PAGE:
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FIU teams up with Miami Heat, Miccosukee tribe for environmental activities

FIU teams up with Miami Heat, Miccosukee tribe for environmental activities

January 26, 2018 at 12:00am

More than 65 volunteers from FIU, the Miami Heat and the Miccosukee Tribe of Indians of Florida came together Jan. 24 to help restore the Everglades.

The Florida Everglades offers fresh water, flood control and recreational activities, but half of the original ecosystem has been developed into farms, homes and businesses. The annual Heat Glades Sweep event brings awareness to the importance of the ecosystem, the threats it faces and the need for restoration.

“This is our seventh year working with the Heat, but the past two years with the Miccosukee tribe have been extra special,” said Mike Heithaus, dean of the College of Arts, Sciences & Education. “The Miccosukee know better than anyone how tied we are to the ecosystem. Everyone working to help restore the Everglades here today needs to be an inspiration to the rest of the community.”


Miami Heat legend Alonzo Mourning and FIU alumna Erika Ashley Somoza help restore the Everglades at the 2018 Heat Glades Sweep volunteer event.

The volunteers — including Heat players Josh Richardson, Bam Adebayo and Rodney McGruder as well as Heat legends Alonzo Mourning and Glen Rice — planted native plants for butterflies, bees and birds. They built an outdoor garden at the Miccosukee Indian School that serves as a living lab for STEM learning, as well as picnic tables that provide additional areas for outdoor learning. The volunteers also assisted the Miccosukee Fish & Wildlife Department in surveying invasive fish in canals. The information collected could help guide future conservation efforts.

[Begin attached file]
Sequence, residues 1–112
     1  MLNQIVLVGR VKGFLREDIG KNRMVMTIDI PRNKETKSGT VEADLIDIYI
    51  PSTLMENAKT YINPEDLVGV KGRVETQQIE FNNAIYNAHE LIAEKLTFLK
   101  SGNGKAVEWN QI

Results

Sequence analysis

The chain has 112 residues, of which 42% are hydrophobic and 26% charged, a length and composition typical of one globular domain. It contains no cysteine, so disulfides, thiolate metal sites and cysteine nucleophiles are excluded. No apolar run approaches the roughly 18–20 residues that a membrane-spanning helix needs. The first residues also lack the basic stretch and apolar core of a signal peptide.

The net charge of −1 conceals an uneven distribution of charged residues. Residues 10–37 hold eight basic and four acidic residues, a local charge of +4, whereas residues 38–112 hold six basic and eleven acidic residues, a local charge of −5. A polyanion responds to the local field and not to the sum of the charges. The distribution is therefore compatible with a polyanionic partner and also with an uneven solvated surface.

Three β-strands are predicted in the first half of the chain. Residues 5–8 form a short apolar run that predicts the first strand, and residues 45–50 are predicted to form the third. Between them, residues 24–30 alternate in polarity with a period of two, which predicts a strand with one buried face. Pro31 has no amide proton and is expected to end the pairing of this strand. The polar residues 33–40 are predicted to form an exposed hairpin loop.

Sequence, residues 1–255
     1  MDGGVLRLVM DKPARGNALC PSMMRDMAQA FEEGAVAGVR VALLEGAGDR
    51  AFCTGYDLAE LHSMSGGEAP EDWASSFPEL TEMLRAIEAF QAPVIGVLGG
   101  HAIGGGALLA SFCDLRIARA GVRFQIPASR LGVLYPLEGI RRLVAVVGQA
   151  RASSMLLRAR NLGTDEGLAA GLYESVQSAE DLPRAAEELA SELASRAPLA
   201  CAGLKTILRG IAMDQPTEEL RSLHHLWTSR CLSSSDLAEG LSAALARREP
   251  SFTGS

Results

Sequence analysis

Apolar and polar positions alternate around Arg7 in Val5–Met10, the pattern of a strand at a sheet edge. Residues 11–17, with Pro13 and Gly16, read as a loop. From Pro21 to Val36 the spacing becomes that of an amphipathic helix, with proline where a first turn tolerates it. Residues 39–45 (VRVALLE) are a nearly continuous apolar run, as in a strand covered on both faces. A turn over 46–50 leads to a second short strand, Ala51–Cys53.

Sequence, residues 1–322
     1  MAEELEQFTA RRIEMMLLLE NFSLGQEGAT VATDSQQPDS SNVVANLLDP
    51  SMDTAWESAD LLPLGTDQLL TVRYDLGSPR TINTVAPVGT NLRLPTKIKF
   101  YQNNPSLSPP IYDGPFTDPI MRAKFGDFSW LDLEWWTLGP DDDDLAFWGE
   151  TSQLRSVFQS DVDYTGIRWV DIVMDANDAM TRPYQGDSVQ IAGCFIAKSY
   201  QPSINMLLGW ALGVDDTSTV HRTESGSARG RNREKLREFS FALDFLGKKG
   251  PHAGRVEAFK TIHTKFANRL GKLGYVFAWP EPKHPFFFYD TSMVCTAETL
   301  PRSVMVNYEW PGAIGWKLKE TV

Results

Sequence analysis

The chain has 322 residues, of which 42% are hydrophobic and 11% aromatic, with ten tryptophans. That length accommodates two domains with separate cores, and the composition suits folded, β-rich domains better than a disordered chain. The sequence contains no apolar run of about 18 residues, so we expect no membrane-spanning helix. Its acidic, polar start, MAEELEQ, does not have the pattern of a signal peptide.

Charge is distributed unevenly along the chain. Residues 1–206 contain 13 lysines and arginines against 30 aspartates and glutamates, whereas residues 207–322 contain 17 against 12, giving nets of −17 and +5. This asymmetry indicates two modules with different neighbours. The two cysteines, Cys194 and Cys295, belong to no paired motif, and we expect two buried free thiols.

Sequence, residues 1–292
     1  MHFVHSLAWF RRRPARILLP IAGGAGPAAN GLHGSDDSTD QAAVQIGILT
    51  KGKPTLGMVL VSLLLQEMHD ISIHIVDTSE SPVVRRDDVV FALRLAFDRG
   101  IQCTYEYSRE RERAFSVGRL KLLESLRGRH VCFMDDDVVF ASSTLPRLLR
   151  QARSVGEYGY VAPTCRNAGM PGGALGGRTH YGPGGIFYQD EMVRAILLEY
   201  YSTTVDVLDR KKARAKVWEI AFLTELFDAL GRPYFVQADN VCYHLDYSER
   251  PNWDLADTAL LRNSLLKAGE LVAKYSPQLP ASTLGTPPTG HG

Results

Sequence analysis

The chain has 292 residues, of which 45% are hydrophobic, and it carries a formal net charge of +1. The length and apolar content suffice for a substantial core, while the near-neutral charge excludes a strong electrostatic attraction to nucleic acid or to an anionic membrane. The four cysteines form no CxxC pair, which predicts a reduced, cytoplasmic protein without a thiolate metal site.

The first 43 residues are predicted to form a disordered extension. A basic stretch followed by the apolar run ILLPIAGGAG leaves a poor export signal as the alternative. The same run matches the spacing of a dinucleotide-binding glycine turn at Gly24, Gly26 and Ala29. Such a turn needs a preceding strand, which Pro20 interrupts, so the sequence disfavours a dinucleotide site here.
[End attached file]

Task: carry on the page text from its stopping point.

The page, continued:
Monica Ospina ’14, environmental studies alumna and volunteer with FIU’s School of Environment, Arts and Society, led volunteers in planting native vegetation in drainage areas to keep them from getting blocked and to conserve water.

“I hope the event inspires people to come back out to the Everglades more,” Ospina said. “It’s beautiful, and it sparks an interest in asking questions like how do things work. Everything is interconnected, you see those relationships when you’re here.”

Heat Glades Sweep is part of NBA Green efforts to generate environmental protection awareness and funds. In previous years, FIU and the Miami Heat have teamed up for projects throughout the county, including installing butterfly gardens at Biscayne Bay Campus, creating outdoor classrooms at Jesse J. McCrary Jr. Elementary in Hialeah, and building sea turtle nesting sites along Crandon Park Beach in Key Biscayne.